It’s True, It’s True, It’s True from Breach is a devised show based on the transcripts of the 1612 trial of Agostino Tassi for raping fellow painter Artemisia Gentileschi. It’s an excellent piece of work. The modern translation of the trial transcripts can’t help but bring to mind modern attitudes to sexual assault (he said to “calm down and [that] he’d been joking”), and as I watch I get angry not only on Gentileschi’s behalf, but also for all other women who have been lied about, disbelieved and discredited.
The three performers are all excellent. Playing multiple parts, they each bring a really strong specific physicality to each character and work well as a team. It’s a very inventive performance; at a couple of moments, the performers put on false beards or disrobe in order to act out scenes from Gentileschi’s paintings that support the narrative. And, the mix of music is great, with choral works from the Renaissance rubbing shoulders with The Slits.
The final five minutes of the show is less successful for me and doesn’t quite sit as well with the rest of the piece, but it’s an uplifting ending nonetheless. I believe her.
Natalie Palamides explodes on to the stage at the Pleasance Courtyard as the character of Nate. Nate wears massive trousers and boots, has a jacket on over his bare chest on which he’s drawn on chest hair, a beard, sideburns and a black eye. He rides a mini-motorcycle, cracks eggs into his mouth, gobbles whey powder and challenges an audience member to a fight. He is essentially a caricature of masculinity, both toxic and not.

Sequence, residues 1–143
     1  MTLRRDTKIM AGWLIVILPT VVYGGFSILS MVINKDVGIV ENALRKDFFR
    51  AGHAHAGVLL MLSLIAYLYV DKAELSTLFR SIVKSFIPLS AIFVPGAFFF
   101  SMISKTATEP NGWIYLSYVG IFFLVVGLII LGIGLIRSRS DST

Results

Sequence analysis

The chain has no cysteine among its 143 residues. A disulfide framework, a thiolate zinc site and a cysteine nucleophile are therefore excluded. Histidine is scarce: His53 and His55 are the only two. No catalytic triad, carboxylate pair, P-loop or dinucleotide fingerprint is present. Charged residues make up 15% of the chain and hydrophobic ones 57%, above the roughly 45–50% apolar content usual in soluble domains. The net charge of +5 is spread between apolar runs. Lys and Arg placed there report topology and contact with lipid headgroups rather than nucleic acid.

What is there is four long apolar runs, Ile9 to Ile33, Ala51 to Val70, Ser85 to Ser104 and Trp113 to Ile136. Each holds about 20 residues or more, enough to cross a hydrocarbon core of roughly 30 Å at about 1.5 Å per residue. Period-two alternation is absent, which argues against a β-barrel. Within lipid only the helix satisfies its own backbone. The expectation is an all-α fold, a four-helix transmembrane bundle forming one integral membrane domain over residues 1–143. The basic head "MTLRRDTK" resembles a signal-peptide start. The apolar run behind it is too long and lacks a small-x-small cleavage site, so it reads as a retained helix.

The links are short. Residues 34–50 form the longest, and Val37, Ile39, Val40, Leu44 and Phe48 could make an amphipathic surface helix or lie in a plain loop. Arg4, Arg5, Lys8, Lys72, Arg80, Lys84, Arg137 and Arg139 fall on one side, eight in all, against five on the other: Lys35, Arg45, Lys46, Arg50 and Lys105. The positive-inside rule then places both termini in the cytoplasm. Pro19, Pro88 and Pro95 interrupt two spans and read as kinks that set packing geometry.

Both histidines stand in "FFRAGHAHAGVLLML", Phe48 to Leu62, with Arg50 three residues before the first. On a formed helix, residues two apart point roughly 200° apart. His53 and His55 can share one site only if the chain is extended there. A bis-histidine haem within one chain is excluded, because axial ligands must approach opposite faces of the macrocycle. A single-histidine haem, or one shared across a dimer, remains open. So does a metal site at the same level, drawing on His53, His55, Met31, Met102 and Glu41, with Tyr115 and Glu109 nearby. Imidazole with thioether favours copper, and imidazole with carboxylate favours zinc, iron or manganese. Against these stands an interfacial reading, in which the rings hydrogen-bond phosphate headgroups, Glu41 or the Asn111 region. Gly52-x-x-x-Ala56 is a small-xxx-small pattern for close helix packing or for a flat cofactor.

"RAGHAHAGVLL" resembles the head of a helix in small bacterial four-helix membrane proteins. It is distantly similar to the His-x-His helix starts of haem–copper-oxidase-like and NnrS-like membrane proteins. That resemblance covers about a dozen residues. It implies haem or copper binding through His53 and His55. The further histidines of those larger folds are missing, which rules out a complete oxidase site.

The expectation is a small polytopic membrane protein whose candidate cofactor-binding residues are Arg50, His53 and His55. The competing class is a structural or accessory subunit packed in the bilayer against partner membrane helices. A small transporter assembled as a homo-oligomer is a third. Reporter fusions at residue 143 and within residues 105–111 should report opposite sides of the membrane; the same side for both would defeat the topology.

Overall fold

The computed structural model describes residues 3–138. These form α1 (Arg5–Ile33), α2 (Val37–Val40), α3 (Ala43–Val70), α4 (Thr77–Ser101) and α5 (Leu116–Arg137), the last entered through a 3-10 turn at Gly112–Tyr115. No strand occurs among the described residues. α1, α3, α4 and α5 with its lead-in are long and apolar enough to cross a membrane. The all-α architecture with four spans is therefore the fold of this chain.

Palamides asks some audience members to be very involved in her show, and she pushes things quite a long way. I haven’t felt this uncomfortable since I saw Red Bastard and I’m not sure this brand of clowning is really for me.
There is however a lot to explore here in terms of consent, both in terms of the fictional world Palamides creates and the real-life world right there on the stage. Palamides is an extraordinary performer, genuinely doing something very unusual. I haven’t seen anything like Nate before.
Baby Face (Theatre) Until 26 August, 13:30, Summerhall Reviewed by Olivia Phipps
Baby Face gives us a messy, unflinching look at the reality of living in a society that infantilises women. Using physical theatre, music and dance, Katy Dye takes us through a number of powerful regressions that both draw us in and push us away, forcing the audience to confront both ourselves and the media we absorb.
Incredibly raw, the performance is a perfect example of an actor using their entire body as an expression of art: twisting, turning, punching, writhing, dancing, singing, screaming and gyrating, Dye certainly throws her entire self into the show. While not an autobiographical piece per se, there is something deeply personal about her performance.
This is certainly a show that isn’t afraid of making its audience feel uncomfortable. The infantilisation of women is something both very known and unknown to us as an audience; we recognise many aspects of the show – toiletry adverts, Britney music videos, a need to be needed – but Dye pushes them to the extreme. Some of the most powerful moments happen during the audience participation sections, where we are very much put face-to-face with our discomfort.
Despite the dark themes, there are some laughs and moments of real relief in the show and it is more unsettling and powerful, than all-out horrific. While it’s definitely not an easy watch, it’s an important one.
Sauna (Dance, Physical Theatre and Circus) Until 26 August, 17:25, Summerhall Reviewed by Olivia Phipps
Ethereal and calming, the Sauna is a show of childlike wonder. Set in a Finnish sauna, the company use masks, body suits and puppetry to tell the story of an elderly woman’s visit there with an intention to die. Usually a solemn place, full of contemplation of life and death, the sauna has its own spirit, which distracts and irritates the old woman during her time there. This mythical creature then evokes her physical memories and takes her through the chapters of her womanhood as she considers the end of her life.